Urinary carnitine excretion is decreased by supplemental choline in humans and guinea pigs. In guinea pigs, the decreased excretion is associated with increased carnitine concentrations in skeletal muscle and decreased body fat. This study evaluated the effect of choline supplementation at various levels (0, 2, 5, or 10 g choline per kg diet) on feed intake, intestinal carnitine retention, whole body carnitine, and renal reabsorption of carnitine in guinea pigs. Choline supplemented animals excreted < half the carnitine as unsupplemented after day 2 of the study, due to an increase in fractional tubular reabsorption of carnitine. However, there was no significant effect of different doses of choline on urinary carnitine excretion. Carnitine concentrations were higher in gut, muscle, and carcasses in the choline supplemented animals. There was no difference in carnitine concentrations of feces or gut contents. This study demonstrated that choline preserves body carnitine stores through increased renal reabsorption.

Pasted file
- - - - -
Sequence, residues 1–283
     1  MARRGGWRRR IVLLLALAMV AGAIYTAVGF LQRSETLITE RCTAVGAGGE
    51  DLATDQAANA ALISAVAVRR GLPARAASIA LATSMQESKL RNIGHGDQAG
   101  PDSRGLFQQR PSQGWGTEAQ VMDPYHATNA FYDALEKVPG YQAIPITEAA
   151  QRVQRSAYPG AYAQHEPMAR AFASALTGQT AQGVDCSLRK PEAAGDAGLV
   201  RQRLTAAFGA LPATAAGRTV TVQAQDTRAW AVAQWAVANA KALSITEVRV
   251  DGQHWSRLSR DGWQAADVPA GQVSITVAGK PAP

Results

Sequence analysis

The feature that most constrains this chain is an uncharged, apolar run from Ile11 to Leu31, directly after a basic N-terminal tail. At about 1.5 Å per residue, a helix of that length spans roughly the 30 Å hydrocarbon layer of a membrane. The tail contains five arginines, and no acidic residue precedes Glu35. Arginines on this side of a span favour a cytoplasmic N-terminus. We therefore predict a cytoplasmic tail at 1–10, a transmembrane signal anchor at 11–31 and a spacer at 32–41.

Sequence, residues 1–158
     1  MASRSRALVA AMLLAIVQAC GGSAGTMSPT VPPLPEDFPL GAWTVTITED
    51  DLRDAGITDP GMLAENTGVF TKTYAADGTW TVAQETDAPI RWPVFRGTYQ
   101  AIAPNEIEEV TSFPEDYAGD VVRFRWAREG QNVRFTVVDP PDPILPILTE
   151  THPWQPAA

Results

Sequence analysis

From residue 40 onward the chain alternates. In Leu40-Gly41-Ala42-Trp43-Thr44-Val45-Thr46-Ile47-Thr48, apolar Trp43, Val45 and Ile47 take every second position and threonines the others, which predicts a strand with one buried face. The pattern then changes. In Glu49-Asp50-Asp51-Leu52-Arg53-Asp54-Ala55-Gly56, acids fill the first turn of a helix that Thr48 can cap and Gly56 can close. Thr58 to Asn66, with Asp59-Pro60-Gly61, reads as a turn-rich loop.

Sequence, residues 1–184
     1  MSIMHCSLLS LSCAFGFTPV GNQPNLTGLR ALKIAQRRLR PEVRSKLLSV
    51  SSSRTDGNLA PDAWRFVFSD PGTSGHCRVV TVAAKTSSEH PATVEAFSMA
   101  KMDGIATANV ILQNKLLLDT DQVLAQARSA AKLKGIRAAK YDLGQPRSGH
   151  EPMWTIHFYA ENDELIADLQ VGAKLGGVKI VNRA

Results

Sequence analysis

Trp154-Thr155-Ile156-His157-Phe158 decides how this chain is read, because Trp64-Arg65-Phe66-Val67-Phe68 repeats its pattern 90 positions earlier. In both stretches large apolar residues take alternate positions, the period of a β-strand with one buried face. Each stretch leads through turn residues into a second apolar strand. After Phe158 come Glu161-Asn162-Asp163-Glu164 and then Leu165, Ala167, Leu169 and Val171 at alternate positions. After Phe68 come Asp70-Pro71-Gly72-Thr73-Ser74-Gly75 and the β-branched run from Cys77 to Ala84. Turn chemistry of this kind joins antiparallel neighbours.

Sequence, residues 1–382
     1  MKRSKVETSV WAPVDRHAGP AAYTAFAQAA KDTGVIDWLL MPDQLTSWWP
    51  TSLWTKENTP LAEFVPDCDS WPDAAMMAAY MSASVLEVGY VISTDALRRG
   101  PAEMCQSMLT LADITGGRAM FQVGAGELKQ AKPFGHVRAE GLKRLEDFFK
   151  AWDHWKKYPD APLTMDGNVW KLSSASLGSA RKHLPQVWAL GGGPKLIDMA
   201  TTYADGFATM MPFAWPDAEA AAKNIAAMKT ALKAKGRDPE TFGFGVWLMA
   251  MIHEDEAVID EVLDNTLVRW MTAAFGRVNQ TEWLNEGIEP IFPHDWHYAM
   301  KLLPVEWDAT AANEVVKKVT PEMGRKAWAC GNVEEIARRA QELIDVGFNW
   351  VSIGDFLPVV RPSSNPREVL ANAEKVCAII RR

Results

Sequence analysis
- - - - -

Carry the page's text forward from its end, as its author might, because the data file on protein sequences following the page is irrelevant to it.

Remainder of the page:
- Guinea pig
- Renal reabsorption
ASJC Scopus subject areas
- Endocrinology, Diabetes and Metabolism
- Nutrition and Dietetics